Although it was Abdullah ibn Zayd (r.a) who proved to be the medium in sanctioning the adhan, it must be borne in mind that it was always the Blessed Prophet (s.a.w) who was subject to Divine Revelation and heavenly inspiration. Only after his approval was the adhan established as the means of calling Believers to mosques. Once Bilal Habashi (r.a) called the first adhan, the Divine invitation reached every corner of Medina and the Believers paced exuberantly towards the Masjid underneath skies shaking with the echoes of the adhan. Despite the proposal of numerous means of inviting Believers to the mosque, the Light of Being r disapproved of all of them apart from the adhan, which he instated with great enthusiasm. The adhan is undoubtedly a precise summary of Islam’s conception of Allah, glory unto Him and the Prophet (s.a.w), as well as its notion of worshipping and life in general, to all of which it then helps bond the Believer. It could be said that the Messenger of Allah (s.a.w) hence decided on the best option possible in inviting people to salat. Confirmed by both the Quran and Sunnah, the adhan has continued for over the past 1400 odd years to give Muslims an invitation from the heavens. It is a universal and international call for salat, for which reason it cannot be recited in any other form than its original. Virtually the heavenly chant of the skies, it summons those who hear it to compliance. The Blessed Prophet (s.a.w) has said:
“When you hear the adhan, repeat it with the muaddhin, word for word. Then send me a greeting, for the mercy Allah shows for it is ten times the amount of one’s greeting. Then pray that I get to receive the wasila, a rank in Paradise that will be granted to just one servant of Allah. I anticipate that I shall be that one. I will consider myself obliged to intercede on behalf of each person who asks from Allah the wasila on my behalf.” (Muslim, Salat; Abu Dawud, Salat, 26/523)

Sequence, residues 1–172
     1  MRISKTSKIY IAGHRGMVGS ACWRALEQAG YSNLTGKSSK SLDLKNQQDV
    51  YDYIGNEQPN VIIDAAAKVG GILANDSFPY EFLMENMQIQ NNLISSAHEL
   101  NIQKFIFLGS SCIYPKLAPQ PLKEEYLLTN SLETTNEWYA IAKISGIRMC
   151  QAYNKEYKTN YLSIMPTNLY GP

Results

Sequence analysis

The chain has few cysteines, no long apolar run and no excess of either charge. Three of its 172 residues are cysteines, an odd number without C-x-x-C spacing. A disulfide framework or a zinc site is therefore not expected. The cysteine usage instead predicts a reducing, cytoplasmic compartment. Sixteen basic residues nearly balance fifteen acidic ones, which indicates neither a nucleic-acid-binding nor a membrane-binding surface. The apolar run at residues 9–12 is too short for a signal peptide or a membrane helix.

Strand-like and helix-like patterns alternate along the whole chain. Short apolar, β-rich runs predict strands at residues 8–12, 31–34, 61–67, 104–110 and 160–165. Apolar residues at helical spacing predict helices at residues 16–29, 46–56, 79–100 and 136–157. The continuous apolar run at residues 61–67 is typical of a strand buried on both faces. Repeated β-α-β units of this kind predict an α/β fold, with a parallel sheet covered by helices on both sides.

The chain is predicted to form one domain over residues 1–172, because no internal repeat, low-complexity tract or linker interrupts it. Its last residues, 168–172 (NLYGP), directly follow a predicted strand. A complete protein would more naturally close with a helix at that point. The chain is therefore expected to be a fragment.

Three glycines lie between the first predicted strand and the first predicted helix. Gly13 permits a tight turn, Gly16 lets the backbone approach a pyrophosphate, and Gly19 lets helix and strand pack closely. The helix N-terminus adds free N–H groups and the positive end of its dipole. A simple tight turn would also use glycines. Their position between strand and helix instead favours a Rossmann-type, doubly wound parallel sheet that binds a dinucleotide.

In another hadith, the Blessed Messenger (s.a.w) explicitly assures Paradise for those who repeat the words of the muaddhin upon hearing the adhan. And regarding the prayer to be made after, he has said: “I will most definitely intercede on behalf of a person who repeats the following after hearing the adhan: O the Lord of this perfect invitation and the offered salat! Grant Muhammad wasila and fadila and resurrect him upon the rank of Mahmud which you have promised!” (Bukhari, Adhan, 8; Abu Dawud, Salat, 37/529)
The virtues of adhan have been the subject of many ahadith, some of which are below:
“Two prayers are never or very seldom refused: The first is the prayer made following the adhan, and the second is the prayer made during battle, just when both sides launch into each other.” (Abu Dawud, Jihad, 39/2540)
“Had people known of the rewards awaiting those who call out the adhan and those standing in the first row during salat, and they had no other way to decide than to draw lots, they certainly would have.” (Bukhari, Adhan, 9, 32; Muslim, Salat, 129)
“Whenever the adhan is called for salat, Shaytan flees, nois- ily breaking wind, and escapes to a place where he cannot hear the adhan. Once the adhan comes to an end, he returns; and runs off once again when the qamah starts. He then returns once more, creeping into passage that runs to the heart of a person, whispering ‘think this, remember that’; things which were previously no way near one’s thoughts, to the extent that one taken in by these whispers can no longer remember which stage of the salat he is in.” (Bukhari, Adhan, 4; Muslim, Salat, 19)